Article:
Ales that are, well, brown, these come in a range of styles. The BJCP splits them into British and American, with British being further divided into Northern and Southern English Brown and Milds. American Brown Ales tend to be hoppier than their British counterparts, and some have even taken the approach of the Imperial Brown Ale with heavy hopping. British Browns are more common commerically in the Northern Style, which may be as a result of Northern yeast strains being less effective in fermentation and so needing a larger malt bill.
Here’s the one I brewed last weekend.
|Selected Style and BJCP Guidelines
10C-American Ale-American Brown Ale
|Wort Volume Before Boil:
||Wort Volume After Boil:
||Water Added To Fermenter:
|Volume At Pitching:
||Volume Of Finished Beer:
|Expected Pre-Boil Gravity:
|Expected IBU (using Tinseth):
||Expected Color (using Morey):
|UK Medium Crystal
|UK Roasted Barley
|UK Black Malt
|Extract – Light Liquid Malt Extract
||Start Of Boil
||Loose Whole Hops
||60 Min From End
||Loose Pellet Hops
||10 Min From End
A British Ale style that covers a range of beers, and a subset of Brown Ales. Although they tend to be low in alcohol (below 4%), the ‘mild’ refers to the light hopping that characterizes the style. Mild ranges from dark beers to mid brown, with an emphasis on a malt flavour profile. They are losing out in the quest for high alcohol and hop content, but are making a comeback with the move towards session beers that one can have several of without falling down, or experiencing palate burnout from too much hops (although bucking that trend, Northern Brewer do an Imperial Mild).
I’ve put a recipe on hopville.
It’s a beer style that I really like, and
A higher alcohol and hoppier version of a pale ale. Originally brewed in Britain it was designed to be able to keep for the long sea voyage to India (the alcohol and hops allow it to keep better). Traditionally, therefore, it’s a British beer style (recipe), but it’s one that has become popular in the US, and has been taken in a whole new direction. In fact, some American IPA‘s have become where the brewer’s have really pushed the envelope with hoppiness. The sub styles Imperial IPA and Double IPA (really the same thing) have been created with higher alcohol and hop levels too, and there’s even some brown and dark IPA’s out there.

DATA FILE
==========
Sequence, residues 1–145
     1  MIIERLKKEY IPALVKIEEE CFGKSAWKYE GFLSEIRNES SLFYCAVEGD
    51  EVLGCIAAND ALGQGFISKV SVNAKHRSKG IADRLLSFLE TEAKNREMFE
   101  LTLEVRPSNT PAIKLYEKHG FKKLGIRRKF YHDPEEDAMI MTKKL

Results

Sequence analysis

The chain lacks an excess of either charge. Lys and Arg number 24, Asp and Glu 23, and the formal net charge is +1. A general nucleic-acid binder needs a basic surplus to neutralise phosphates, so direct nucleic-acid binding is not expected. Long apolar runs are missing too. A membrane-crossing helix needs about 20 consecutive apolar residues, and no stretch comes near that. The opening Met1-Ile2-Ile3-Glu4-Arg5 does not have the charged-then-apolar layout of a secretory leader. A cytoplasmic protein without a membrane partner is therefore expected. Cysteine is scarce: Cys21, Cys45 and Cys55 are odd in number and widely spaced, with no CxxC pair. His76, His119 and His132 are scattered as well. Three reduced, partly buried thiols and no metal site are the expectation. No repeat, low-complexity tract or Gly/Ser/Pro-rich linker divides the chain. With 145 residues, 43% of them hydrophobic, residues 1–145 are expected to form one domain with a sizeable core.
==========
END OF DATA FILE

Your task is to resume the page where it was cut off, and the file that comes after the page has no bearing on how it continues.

One of a number of beers that were brewed strong with high hopping in order that they would keep, Russian Imperial Stout was brewed in Britain to be shipped to the Russian Imperial court. It tends to be strong, and needs some aging before it is ready to be drunk (4-6 months), but a well made example is a wonderful thick, potent experience.
Anyway, I’ve put a recipe on Hopville (this one came from Jamil Zainashef’s, Brewing Classic Styles).
I went to the Westchester Homebrewer’s Organization meeting last Wednesday and we tasted barleywines as the featured style. Big, strong beers, they develop with age. The British and American styles differ quite a bit, and I’ve put recipes for one of each on Hopville.